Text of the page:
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U 87 Ai vs ???
Old 26th November 2005
  #31
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nukmusic's Avatar
 

hummm wondering if the u87ai can be modified to match a U87 or U87i or U67? heh

link 1

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Old 26th November 2005
  #32
Gear Addict
 

This entire argument is rediculous. The U87ai is one of the best sounding mic's around. I've recorded & mixed several top ten hits in my career, ALL of which were cut with a U87ai.
Old 27th November 2005
  #33
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Quote:
Originally Posted by nukmusic
hummm wondering if the u87ai can be modified to match a U87 or U87i or U67? heh
Dangerous science fair experiment follows....

The U87Ai uses the K67/K870 capsule which is (not surprisingly) the one used in the U67. This can be done because to get a figure-8 pattern, you have available both positive and negative voltage on the DC-DC converter.

The original U87 did not have this option available, so the capsule was constructed slightly differently. The stamped aluminum spacer used between the capsule halves was changed to a stamped plastic spacer, and the four screws used to hold the capsule halves together were modifified to have plastic sleeves on them so the two backplates could be isolated. This would be somewhat difficult to modify - you'd need to rewire and get a replacement K87 capsule or maybe a while KK87 head.

Electronically, it would be possible to modify the mic, but I don't know if you necessarily want to do that because you would need to change out the capsule as well.

One other change between the old U87 and the new U87Ai is the frequency response of the amplifier was changed by changing some values in the equalizer section. These could actually be changed to the old U87 values, which would give you a slightly darker tone. One option for the experimenter would be to reduce the output of the DC-DC converter, which would reduce the polarization voltage to 46 volts (instead of 60) - easy to do by changing one zener diode. That is what was done on the U87 but remember that the U67 used 60 volts, and you'd basically give up a few dB of output and noise. There would be a very slight change in frequency response but it should be less than a dB, but then you wouldn't have to change the capsule.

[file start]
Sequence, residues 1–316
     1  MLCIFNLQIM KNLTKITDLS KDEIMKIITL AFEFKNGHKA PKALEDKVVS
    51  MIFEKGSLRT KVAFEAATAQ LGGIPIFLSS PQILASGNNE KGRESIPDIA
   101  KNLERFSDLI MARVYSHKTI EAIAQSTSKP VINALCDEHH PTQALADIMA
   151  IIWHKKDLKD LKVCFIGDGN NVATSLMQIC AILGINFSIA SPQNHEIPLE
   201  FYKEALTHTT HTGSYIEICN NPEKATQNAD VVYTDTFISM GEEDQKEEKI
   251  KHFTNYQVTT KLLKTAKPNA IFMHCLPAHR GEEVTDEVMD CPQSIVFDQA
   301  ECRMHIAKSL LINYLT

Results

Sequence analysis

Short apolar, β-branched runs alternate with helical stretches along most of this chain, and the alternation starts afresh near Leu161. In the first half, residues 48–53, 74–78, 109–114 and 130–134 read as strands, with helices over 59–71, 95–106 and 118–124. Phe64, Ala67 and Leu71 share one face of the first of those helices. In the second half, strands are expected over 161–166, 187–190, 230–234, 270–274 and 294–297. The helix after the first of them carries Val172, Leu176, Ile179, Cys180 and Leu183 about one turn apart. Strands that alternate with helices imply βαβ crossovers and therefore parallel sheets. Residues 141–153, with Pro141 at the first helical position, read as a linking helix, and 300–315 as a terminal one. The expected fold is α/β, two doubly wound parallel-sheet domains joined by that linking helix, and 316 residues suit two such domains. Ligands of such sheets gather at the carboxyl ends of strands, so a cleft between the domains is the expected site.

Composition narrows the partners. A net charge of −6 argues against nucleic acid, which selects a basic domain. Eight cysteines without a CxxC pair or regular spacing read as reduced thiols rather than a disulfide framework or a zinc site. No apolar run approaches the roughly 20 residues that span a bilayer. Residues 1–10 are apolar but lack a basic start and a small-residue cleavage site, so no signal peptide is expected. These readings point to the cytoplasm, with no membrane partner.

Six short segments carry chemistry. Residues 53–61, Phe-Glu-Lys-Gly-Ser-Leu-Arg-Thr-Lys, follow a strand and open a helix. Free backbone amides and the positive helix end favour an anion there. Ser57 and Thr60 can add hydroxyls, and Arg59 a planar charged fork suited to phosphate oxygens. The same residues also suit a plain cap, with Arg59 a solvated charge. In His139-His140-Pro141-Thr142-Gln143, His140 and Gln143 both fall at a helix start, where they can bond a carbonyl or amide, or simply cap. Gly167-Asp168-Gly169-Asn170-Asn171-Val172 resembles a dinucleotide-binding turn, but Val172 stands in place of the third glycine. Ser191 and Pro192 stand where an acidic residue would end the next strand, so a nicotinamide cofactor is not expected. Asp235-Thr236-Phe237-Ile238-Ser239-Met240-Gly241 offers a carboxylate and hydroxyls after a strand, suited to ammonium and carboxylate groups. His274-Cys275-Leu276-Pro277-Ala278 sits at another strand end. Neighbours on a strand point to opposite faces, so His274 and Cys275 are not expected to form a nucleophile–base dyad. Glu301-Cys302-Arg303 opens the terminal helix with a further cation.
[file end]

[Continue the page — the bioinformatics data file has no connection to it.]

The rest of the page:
Old 27th November 2005
  #34
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paterno's Avatar
 

From the Neumann site:

"The letter A in the name indicates a more recent generation, as compared to the U 87 i microphones that were built from 1967 to 1986. Modifications apply to the electronic components of the microphone only; the capsule remained unchanged.

The present-day circuitry increases the operational headroom of the U 87 Ai by supplying the bias voltages for the capsule through a reduced resistance. The result is a higher sensitivity of 10 dB for identical sound pressure levels, and an improved S/N ratio of 3 dB."


There are some recent threads about the 87ai, which you may want to search for. I know I posted my impressions of it when I used one about a month ago. Try this thread...

John
Old 28th November 2005
  #35
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Anderson's Avatar
 

U87 Ai vs.... Brauner phantom V or Valvet.

Try them out. Great Mics. A bit U47-ish actually.

Cheers
Old 29th November 2005
  #36
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Quote:
Originally Posted by paterno
the electronic components of the microphone only; the capsule remained unchanged.
Mechanically, this is true. Electrically, the backplates of the older U87's are isolated to facilitate connection in the figure-8 mode. The new U87Ai connect the backplates together and use a DC to DC converter to generate the opposing voltages required for figure-8 mode. Refer to the service information (schematics).
Quote:
Originally Posted by paterno